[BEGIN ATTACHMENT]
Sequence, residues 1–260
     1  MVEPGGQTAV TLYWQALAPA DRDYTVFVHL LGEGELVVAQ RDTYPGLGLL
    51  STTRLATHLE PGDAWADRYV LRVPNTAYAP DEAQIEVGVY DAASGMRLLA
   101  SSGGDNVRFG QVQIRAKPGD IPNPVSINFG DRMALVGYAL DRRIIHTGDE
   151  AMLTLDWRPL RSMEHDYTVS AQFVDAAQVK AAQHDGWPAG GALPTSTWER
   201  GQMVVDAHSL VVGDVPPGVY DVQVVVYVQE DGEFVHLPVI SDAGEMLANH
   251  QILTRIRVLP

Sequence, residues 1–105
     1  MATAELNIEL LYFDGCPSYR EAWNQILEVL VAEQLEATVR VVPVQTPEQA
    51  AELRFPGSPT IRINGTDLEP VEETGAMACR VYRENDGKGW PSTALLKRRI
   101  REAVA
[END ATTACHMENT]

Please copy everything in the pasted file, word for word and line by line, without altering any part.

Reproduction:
Sequence, residues 1–260
     1  MVEPGGQTAV TLYWQALAPA DRDYTVFVHL LGEGELVVAQ RDTYPGLGLL
    51  STTRLATHLE PGDAWADRYV LRVPNTAYAP DEAQIEVGVY DAASGMRLLA
   101  SSGGDNVRFG QVQIRAKPGD IPNPVSINFG DRMALVGYAL DRRIIHTGDE
   151  AMLTLDWRPL RSMEHDYTVS AQFVDAAQVK AAQHDGWPAG GALPTSTWER
   201  GQMVVDAHSL VVGDVPPGVY DVQVVVYVQE DGEFVHLPVI SDAGEMLANH
   251  QILTRIRVLP

Sequence, residues 1–105
     1  MATAELNIEL LYFDGCPSYR EAWNQILEVL VAEQLEATVR VVPVQTPEQA
    51  AELRFPGSPT IRINGTDLEP VEETGAMACR VYRENDGKGW PSTALLKRRI
   101  REAVA